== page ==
Humor – Evolution and Reality Check

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Gone are the days when humor was essentially considered a sign of insincerity and unprofessional-ism, and humorous individuals were perceived as shallow or undependable. Over the past decades, humor has evolved as an indispensable attribute to success across the length and breadth of human society. It has had a very subtle and smooth transformation from being the laughter inducer to becoming the success inducer.

A humorous individual has a much better chance of making an amazingly positive impact on people they interact with, as compared to a serious individual or one sporting a rock solid poker face. However, to be able to use humor as a tool to carve the path to success, it is also important that you use it right.

Here are a few things to keep in mind when deploying humor as your masterstroke:

Be Humorous, Not Awkward:

This is where most people make mistakes. Humor is supposed to be funny and witty, not awkward. Be careful of what you say. If it is not funny or in worse case, it is offensive or illogical, it would have a strong negative impact on your image.

Don’t Cross The Line:

To put it straight – Don’t overdo it. Know when to stop. Too much of anything is a damper. What may start out as a great session of humor may quickly turn into a disaster. Your audience may become repulsive if you don’t know when and how to close shop.

Be Careful Who You’re Talking To:

It’s important to consider the audience when being humorous. The sort of humor that would work well with people of the same age or position, may be completely inappropriate otherwise. It is also important to respect the personal beliefs and emotions of your audience. For example, if you know that a certain person is very friendly and open, there is a good chance that he/she will respond well to most sorts of humor. However, that may not be the case with a reserved person.

No Chauvinism:

No matter how much you’re itching to let that “women-being-bad-drivers” or “all-men-are-the-same” joke out in front of your audience, don’t do it. It’s disrespectful and not humorous in any sense. This has the potential to do a permanent harm to your image, your personal brand.

You’re the Victim:

This one is more along my personal belief. I believe the best form of humor is when you make yourself the victim, intentionally. For example, if you’re standing in a group and you crack a light joke on yourself, it makes others like you more than if the victim of the joke was someone else. This stems from the fact that when you crack a joke on yourself, you pretend to let the others in on one of your shortcomings, which doesn’t necessarily have to be true though. However, in that moment, you portray slight vulnerability, which is common among humans. Everyone has some vulnerabilities, and that is what makes us humans. This is what connects you with the rest of the group. This is what becomes the common ground for the moment. Remember, no one likes an individual who is full of themselves. A little vulnerability, a little mistake is what would put you across as a more humane and trust-able person. You also generate trust for yourself because you’ve apparently trusted them enough to have let them in on your secret shortcoming. You’ve showed that you trust them, which automatically induces trust for you within them. There are stories of many successful leaders following this mantra.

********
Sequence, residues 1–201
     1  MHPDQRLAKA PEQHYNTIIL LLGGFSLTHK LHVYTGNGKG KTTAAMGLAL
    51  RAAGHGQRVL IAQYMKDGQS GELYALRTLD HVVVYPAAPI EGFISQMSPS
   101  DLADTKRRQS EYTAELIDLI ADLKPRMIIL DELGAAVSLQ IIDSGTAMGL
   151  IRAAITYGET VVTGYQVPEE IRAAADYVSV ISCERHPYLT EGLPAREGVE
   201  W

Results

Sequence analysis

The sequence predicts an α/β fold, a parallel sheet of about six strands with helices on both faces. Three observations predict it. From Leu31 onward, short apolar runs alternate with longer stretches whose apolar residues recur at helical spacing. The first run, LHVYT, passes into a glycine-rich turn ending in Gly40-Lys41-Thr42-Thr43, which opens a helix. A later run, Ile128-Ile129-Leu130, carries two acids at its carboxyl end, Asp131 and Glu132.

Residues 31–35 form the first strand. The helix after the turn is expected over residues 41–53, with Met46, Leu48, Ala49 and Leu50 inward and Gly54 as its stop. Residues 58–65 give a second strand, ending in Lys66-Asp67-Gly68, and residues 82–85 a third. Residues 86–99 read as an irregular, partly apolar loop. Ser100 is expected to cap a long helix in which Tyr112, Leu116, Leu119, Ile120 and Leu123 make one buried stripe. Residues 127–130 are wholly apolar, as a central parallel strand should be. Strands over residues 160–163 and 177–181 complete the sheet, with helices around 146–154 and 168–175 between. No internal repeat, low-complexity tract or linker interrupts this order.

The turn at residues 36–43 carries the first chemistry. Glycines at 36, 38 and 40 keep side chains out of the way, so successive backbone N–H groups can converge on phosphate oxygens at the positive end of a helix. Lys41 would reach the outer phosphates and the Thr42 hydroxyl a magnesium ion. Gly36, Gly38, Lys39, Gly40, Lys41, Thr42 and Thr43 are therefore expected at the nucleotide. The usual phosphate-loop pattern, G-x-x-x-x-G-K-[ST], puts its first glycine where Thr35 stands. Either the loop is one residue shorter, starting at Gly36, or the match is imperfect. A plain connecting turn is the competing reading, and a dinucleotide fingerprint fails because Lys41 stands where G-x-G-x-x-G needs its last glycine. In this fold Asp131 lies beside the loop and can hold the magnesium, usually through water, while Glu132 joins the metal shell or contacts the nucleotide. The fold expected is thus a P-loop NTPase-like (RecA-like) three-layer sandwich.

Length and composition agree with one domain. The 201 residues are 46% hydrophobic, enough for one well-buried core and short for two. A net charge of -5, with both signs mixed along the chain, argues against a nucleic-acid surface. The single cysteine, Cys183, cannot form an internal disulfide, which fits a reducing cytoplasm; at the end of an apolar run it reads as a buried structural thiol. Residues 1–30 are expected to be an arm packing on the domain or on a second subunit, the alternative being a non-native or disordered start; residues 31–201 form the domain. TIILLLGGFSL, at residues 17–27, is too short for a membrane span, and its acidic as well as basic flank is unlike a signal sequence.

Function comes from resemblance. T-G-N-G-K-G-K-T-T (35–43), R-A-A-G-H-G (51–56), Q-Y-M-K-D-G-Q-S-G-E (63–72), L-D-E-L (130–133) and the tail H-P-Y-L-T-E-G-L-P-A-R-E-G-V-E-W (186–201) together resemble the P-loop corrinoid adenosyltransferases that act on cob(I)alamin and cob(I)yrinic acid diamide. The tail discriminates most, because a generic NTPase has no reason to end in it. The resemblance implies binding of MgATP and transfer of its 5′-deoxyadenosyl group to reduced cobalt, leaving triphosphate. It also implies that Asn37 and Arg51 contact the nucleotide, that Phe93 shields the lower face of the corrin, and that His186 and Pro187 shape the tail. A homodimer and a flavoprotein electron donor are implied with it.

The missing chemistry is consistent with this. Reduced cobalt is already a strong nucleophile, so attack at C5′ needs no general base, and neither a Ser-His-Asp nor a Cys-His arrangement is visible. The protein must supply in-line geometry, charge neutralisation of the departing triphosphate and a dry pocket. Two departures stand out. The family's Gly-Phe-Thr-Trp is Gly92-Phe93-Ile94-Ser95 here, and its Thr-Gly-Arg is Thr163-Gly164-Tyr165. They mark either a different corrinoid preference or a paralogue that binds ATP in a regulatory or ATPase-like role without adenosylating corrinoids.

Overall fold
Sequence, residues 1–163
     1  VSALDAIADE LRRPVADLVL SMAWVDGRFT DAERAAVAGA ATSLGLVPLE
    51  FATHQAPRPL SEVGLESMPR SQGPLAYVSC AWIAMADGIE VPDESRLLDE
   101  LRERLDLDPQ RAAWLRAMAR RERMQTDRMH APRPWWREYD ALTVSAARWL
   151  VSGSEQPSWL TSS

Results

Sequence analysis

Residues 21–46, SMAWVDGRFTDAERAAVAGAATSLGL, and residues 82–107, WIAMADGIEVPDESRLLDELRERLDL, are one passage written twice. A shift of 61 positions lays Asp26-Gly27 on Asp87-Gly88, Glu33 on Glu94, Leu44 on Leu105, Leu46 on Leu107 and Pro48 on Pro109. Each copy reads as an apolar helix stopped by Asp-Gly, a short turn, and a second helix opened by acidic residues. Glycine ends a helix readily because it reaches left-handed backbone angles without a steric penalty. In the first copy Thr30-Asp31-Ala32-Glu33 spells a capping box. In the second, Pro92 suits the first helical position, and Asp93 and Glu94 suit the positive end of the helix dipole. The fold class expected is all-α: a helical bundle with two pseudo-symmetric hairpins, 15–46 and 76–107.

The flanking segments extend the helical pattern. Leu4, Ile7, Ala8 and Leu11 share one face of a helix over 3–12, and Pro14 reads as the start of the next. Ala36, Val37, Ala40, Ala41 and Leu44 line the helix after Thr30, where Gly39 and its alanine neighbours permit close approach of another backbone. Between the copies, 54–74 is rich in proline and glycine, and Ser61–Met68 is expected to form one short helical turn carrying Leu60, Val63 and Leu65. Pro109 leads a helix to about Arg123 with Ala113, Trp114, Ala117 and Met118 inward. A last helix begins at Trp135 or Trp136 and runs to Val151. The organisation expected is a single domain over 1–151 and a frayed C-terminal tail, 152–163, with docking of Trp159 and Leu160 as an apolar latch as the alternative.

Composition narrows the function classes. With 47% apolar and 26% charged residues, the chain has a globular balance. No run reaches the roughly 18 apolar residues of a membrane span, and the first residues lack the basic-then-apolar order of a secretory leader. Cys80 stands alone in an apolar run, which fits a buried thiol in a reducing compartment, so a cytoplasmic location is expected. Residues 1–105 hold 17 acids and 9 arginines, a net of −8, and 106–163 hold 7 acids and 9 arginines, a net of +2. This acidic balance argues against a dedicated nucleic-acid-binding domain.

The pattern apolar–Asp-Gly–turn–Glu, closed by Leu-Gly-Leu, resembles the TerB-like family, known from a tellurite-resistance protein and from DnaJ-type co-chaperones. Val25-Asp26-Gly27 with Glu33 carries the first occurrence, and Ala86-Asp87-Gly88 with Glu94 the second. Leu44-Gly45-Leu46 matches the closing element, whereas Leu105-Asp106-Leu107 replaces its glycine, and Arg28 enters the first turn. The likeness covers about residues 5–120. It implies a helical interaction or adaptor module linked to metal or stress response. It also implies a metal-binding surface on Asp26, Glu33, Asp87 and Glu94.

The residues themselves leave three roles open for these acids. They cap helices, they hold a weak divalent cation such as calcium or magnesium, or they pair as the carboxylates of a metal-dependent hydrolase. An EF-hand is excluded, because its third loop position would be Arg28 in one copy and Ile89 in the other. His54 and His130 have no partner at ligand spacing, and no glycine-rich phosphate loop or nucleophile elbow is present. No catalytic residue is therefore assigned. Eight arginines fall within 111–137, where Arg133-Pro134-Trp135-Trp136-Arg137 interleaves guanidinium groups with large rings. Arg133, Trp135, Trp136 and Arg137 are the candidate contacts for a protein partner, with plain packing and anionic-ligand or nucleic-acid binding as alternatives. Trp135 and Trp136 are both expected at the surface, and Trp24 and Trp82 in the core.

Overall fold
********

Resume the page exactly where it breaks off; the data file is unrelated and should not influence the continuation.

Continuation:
That said, it is also an art that needs immense practice, perfect timing and elegance, lacking which, it can go horribly wrong, so much so, that you might lose the confidence to ever try it in a professional forum again.

Comment below and share your stories where humor worked well for you or where it totally didn’t work.


About the author

Parikshit Nath

Parikshit is a writer by heart and passionate about technology consulting and astronomy. Loves to spend time with his family and kids.

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